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Ayesha Abed led a life dedicated to work. At the core of her philosophy was the quest to ensure welfare of the people who were oppressed by the social systems pervasive in Bangladesh. She was a social worker, an organiser, and a visionary – all at once. In her personal life, she was a source of affection and love for her family members and friends.
In the early days of BRAC, an indomitable name was intimately associated with all the endeavours undertaken by BRAC. The name was – Ayesha Hasan Abed. Even to this day, this Ayesha Abed remains intricately intertwined with the existence and vision of BRAC. She was known as Bhabi (Sister-in-law) to BRAC’s employees and as ‘Bahar’ to her family and friends.
Regardless of the name with which she was called, until her untimely demise, she embodied the soul of BRAC. With deep affection and an extraordinary personality, she bound everyone in the BRAC family together. During the formative days of BRAC, she stood beside Sir Fazle Hasan Abed and together, they tirelessly worked towards organising and transforming the lives of the people living in poverty.
Ayesha Abed was born on January 13, 1946, in Karimganj, Assam, a state in British India. Her father, Yahia Khan Chowdhury, served as a Deputy Magistrate in British Raj. Among her four sisters and two brothers, Ayesha was the youngest. Due to her father’s job, she moved to various cities in the country during her childhood. After completing her senior Cambridge examination from Dhaka’s Viqarunnisa Noon School, she pursued her higher education at Kushtia College. After passing the Intermediate examination from there, she enrolled in Dhaka Holy Cross College. Later, she pursued her studies in English literature and obtained an MA degree from the University of Dhaka. In 1972-73, she worked as a teacher at Siddheswari Women’s College in Dhaka.
On 7 April, 1973, Ayesha Abed got married to Fazle Hasan Abed. Soon after the wedding, she went to Sulla in Northeastern Bangladesh, where BRAC had been working since the prior year. During that time, relief and rehabilitation work were in full swing. Both Ayesha Abed and Sir Fazle were engaged in efforts to help war-affected people rebuild their lives.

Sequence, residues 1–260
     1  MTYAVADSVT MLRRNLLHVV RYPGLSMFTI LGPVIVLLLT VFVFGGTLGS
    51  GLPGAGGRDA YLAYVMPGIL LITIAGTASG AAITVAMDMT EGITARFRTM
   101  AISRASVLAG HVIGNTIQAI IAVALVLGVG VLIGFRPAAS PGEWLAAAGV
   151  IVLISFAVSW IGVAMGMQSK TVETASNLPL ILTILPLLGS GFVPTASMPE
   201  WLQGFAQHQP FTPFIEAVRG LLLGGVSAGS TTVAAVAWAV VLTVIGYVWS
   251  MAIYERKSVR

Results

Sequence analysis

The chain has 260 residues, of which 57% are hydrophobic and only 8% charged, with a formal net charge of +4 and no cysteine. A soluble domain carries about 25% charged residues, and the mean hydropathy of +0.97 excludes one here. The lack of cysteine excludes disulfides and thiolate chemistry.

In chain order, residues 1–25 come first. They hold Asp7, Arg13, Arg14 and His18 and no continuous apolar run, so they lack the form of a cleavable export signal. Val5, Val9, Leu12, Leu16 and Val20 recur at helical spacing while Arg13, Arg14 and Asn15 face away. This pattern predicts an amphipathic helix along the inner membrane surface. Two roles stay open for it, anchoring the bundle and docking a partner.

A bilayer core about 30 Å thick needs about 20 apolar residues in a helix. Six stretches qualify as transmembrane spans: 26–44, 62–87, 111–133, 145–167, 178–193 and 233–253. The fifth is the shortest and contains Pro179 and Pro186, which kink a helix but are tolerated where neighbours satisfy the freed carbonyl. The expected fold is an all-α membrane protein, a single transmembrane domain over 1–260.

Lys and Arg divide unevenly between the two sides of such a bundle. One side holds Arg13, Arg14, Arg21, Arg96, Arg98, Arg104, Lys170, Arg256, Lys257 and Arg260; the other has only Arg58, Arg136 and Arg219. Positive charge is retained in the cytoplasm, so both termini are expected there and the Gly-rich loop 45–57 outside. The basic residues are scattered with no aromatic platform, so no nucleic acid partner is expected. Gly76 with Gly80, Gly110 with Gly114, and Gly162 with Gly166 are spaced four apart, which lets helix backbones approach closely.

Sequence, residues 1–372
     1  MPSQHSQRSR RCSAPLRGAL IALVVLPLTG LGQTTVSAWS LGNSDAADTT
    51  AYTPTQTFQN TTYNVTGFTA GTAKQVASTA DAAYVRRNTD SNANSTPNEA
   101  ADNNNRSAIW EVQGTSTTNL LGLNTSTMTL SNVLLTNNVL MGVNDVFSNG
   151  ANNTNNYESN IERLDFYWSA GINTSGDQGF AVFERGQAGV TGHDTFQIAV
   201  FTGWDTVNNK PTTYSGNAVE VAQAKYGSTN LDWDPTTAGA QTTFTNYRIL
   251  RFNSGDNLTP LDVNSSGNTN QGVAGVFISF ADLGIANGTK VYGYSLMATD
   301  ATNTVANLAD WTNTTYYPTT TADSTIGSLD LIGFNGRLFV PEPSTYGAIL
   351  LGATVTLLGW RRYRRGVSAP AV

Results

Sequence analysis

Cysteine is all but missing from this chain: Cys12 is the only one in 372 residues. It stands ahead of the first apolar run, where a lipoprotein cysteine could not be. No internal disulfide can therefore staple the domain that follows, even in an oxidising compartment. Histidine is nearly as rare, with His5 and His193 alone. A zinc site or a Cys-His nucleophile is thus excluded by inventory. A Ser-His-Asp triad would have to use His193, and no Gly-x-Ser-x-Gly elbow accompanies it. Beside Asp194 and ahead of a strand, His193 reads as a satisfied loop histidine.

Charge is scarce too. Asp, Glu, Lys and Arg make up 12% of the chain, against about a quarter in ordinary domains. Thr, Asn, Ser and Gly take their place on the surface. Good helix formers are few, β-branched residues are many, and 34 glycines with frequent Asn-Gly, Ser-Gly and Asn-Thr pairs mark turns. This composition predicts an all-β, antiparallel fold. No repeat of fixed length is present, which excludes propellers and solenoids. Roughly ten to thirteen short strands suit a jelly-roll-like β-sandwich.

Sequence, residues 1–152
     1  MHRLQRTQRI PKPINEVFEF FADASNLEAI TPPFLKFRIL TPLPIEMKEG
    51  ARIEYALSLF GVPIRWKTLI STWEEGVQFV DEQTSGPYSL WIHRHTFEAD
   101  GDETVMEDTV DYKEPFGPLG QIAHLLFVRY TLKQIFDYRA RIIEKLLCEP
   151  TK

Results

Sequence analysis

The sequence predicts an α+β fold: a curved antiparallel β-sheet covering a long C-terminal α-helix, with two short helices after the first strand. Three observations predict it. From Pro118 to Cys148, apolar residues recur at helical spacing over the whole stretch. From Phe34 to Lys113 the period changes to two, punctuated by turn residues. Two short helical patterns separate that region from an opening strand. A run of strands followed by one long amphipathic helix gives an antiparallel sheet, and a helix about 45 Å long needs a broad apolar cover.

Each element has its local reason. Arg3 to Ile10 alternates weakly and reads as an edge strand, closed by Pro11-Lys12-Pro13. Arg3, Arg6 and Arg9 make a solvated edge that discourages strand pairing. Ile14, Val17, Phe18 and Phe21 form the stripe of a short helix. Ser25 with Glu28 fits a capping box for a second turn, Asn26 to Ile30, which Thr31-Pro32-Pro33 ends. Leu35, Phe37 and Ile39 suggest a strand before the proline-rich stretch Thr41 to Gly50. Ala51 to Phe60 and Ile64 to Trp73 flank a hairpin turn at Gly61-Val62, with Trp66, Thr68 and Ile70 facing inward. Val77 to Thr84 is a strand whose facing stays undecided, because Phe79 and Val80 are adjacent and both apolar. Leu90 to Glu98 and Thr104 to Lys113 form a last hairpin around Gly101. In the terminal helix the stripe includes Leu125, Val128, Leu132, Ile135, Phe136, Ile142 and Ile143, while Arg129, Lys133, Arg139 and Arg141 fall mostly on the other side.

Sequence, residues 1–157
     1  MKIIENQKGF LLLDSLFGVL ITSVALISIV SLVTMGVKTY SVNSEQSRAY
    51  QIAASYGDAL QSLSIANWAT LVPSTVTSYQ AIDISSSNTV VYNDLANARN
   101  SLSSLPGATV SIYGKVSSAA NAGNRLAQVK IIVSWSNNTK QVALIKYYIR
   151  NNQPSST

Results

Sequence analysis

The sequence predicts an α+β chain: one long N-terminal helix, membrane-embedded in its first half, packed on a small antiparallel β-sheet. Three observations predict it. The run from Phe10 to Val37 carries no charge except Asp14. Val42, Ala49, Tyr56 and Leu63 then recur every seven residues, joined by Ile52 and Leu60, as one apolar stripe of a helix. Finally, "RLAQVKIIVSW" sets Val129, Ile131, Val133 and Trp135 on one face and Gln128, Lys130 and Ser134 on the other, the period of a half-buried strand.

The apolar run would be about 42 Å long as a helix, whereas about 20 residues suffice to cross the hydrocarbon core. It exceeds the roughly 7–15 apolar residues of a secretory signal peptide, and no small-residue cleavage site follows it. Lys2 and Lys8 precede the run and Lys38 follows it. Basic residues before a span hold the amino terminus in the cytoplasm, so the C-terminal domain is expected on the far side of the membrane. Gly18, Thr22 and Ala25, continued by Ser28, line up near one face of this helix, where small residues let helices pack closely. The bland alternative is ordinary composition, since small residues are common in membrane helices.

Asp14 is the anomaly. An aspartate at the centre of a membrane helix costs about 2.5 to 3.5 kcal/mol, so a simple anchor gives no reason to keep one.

It was there that Ayesha Abed established a deep connection with the work BRAC was committed to. She was touched by the struggles which people faced just to survive. She felt a deep yearning to work with the people of rural Bangladesh.
Later, she joined BRAC as an executive assistant. During that time, she came to work on the BRAC Gram Shomikkha Project alongside Senaratna, an anthropologist from Sri Lanka. Ayesha Abed, as a coordinator of BRAC’s research unit in various rural areas of the country, gained experience in rural power structures, socio-economic and cultural conditions, and the ways of doing development differently. Gradually, her ideas and scope of work expanded. She realised to establish the rights of the people who are marginalised by systems, they must organise themselves. People must be made aware and organised to resist the influence and exploitation of the powerful.
Ayesha began her work with the aim of creating access to education, healthcare, and employment opportunities for communities living in poverty through a practical approach. For this purpose, organising the people was a prerequisite. She initiated her work to motivate people, to organise them through cooperatives for income generating activities. Ayesha Abed engaged herself in research to gain a comprehensive understanding of the long-standing exploitation process embedded in rural structures.
Ayesha believed that literacy and awareness should go hand in hand. In 1974, the BRAC Material Development Unit was established to create practical teaching tools for adults. Ayesha Abed played an instrumental role in establishing and managing this unit. Inspired by the philosophy and methods of renowned Brazilian educator Paulo Freire, she focused on developing tools for adult literacy, including health education materials and visual aids. These tools played a significant role in BRAC’s adult education programme. From 1976 to 1981, until her death, she served as the managing editor of BRAC’s monthly magazine ‘Gonokendra’.